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The Tea Table

When the British began their abiding love affair with tea in the 17th century, it was only a matter of time before the elite colonial patricians, eager to copy upper-crust trends from the motherland, followed suit. This new ritual came with a list of necessary accoutrements, including tea sets, tea wares, china, and linens. Since the very essence of drinking tea promoted conversation and communion, it was important to design a table that held the tea service within easy reach of all partakers.


As the consumption of tea became a firmly entrenched ritual, it was unthinkable for any well-appointed drawing room or parlor to be without a table specified for this enthusiastically embraced custom. Furniture makers rushed to meet the demand for this sudden necessity. London-based cabinetmaker Thomas Chippendale published his book, The Gentleman & Cabinet-Makers Director, in 1754, which provided a wealth of inspiration for colonial furniture artisans to create their own exquisite interpretations of tea tables. Philadelphia-based craftsmen, as well as others from Massachusetts and Rhode Island, were prolific producers of many noteworthy examples.


Early renditions of the tea table featured rectangular tops that rested upon legs, usually crafted from a substantial wood, often mahogany. Occasionally, a heavy silver salver or sideboard dish, sitting atop a wooden tripod stand, substituted for a tabletop. Later designs became more elaborate, displaying distinctive details such as scalloped edges, pie-crust tops, and ornately carved legs.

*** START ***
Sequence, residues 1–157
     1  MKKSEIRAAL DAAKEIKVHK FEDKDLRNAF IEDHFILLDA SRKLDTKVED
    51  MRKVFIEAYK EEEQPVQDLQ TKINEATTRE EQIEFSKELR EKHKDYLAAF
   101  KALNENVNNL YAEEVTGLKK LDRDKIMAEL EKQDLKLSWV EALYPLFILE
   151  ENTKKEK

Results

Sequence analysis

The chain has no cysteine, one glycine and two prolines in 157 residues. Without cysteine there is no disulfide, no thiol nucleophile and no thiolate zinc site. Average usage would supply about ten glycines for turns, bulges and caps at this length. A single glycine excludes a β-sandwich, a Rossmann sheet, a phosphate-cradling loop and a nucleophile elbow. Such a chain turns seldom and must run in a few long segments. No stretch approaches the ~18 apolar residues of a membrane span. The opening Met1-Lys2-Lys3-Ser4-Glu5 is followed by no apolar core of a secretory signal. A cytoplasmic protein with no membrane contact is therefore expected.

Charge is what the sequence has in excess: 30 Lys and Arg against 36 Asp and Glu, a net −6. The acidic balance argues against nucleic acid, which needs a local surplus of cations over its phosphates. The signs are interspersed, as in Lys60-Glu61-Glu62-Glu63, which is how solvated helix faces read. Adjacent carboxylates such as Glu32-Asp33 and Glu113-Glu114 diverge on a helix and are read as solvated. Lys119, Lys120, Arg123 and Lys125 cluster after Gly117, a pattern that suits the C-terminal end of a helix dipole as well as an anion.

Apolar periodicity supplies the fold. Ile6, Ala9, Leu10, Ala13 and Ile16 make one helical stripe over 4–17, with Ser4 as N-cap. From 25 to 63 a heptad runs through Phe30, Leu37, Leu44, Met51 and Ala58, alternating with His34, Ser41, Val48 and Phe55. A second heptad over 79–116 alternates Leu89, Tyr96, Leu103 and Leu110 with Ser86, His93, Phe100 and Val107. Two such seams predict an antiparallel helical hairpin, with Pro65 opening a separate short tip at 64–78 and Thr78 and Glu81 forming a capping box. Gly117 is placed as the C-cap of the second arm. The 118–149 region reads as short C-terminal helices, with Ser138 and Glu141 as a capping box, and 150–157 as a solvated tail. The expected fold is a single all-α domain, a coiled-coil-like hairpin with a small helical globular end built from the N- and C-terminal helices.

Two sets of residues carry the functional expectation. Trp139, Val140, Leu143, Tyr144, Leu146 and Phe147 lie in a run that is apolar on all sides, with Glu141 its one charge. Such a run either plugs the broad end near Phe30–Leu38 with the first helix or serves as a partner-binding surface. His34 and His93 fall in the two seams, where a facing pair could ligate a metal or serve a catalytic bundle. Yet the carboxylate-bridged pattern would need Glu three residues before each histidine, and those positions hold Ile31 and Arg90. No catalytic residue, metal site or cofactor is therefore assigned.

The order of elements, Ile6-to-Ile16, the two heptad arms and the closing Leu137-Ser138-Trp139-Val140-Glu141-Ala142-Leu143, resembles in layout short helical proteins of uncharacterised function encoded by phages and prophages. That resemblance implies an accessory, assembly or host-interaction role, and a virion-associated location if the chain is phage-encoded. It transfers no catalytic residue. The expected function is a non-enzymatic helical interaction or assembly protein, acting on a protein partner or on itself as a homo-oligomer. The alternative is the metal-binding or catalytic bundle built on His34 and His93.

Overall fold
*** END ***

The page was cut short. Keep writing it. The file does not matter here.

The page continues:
Unquestionably the most ingenious concept furniture makers implemented was the invention of the tilt-top table. The top rotated on the columned base to facilitate serving guests. The hostess simply poured the tea, and then rotated the table to place the teacup precisely in front of her guest. Perhaps even more helpful was that the tabletop also lifted up so that the table could be stored flat against the wall or in a corner when not in use.


Because of the quality of materials and the skill of the craftsmen, many lovely antique tea tables exist today, alongside modern-day reproductions. Table styles reflect an elegance that mirrors that of taking tea itself. From the graceful cabriole legs and valanced skirt of the Queen Anne style to the oval overhanging top and shaped apron of the New England design to the curving serpentine legs of the Newport Fly version, the tea table not only performs a valuable function, it also adds to the refined beauty of a home’s décor. 

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